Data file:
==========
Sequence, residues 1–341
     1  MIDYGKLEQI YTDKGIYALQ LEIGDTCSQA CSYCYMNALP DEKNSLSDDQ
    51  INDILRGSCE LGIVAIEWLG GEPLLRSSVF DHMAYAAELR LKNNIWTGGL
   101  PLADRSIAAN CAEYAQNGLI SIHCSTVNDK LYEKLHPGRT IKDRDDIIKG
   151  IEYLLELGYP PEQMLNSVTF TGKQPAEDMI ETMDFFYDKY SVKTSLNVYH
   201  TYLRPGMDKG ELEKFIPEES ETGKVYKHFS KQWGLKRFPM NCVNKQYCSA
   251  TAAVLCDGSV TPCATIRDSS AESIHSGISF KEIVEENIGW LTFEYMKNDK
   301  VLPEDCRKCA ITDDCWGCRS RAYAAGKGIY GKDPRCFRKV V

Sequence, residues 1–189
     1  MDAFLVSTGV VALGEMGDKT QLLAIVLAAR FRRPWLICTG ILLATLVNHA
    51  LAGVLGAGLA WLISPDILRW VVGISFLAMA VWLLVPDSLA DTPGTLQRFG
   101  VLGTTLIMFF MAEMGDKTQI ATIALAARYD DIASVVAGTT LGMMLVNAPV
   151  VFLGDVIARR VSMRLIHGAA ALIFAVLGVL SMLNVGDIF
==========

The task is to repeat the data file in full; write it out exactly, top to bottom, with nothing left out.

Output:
Sequence, residues 1–341
     1  MIDYGKLEQI YTDKGIYALQ LEIGDTCSQA CSYCYMNALP DEKNSLSDDQ
    51  INDILRGSCE LGIVAIEWLG GEPLLRSSVF DHMAYAAELR LKNNIWTGGL
   101  PLADRSIAAN CAEYAQNGLI SIHCSTVNDK LYEKLHPGRT IKDRDDIIKG
   151  IEYLLELGYP PEQMLNSVTF TGKQPAEDMI ETMDFFYDKY SVKTSLNVYH
   201  TYLRPGMDKG ELEKFIPEES ETGKVYKHFS KQWGLKRFPM NCVNKQYCSA
   251  TAAVLCDGSV TPCATIRDSS AESIHSGISF KEIVEENIGW LTFEYMKNDK
   301  VLPEDCRKCA ITDDCWGCRS RAYAAGKGIY GKDPRCFRKV V

Sequence, residues 1–189
     1  MDAFLVSTGV VALGEMGDKT QLLAIVLAAR FRRPWLICTG ILLATLVNHA
    51  LAGVLGAGLA WLISPDILRW VVGISFLAMA VWLLVPDSLA DTPGTLQRFG
   101  VLGTTLIMFF MAEMGDKTQI ATIALAARYD DIASVVAGTT LGMMLVNAPV
   151  VFLGDVIARR VSMRLIHGAA ALIFAVLGVL SMLNVGDIF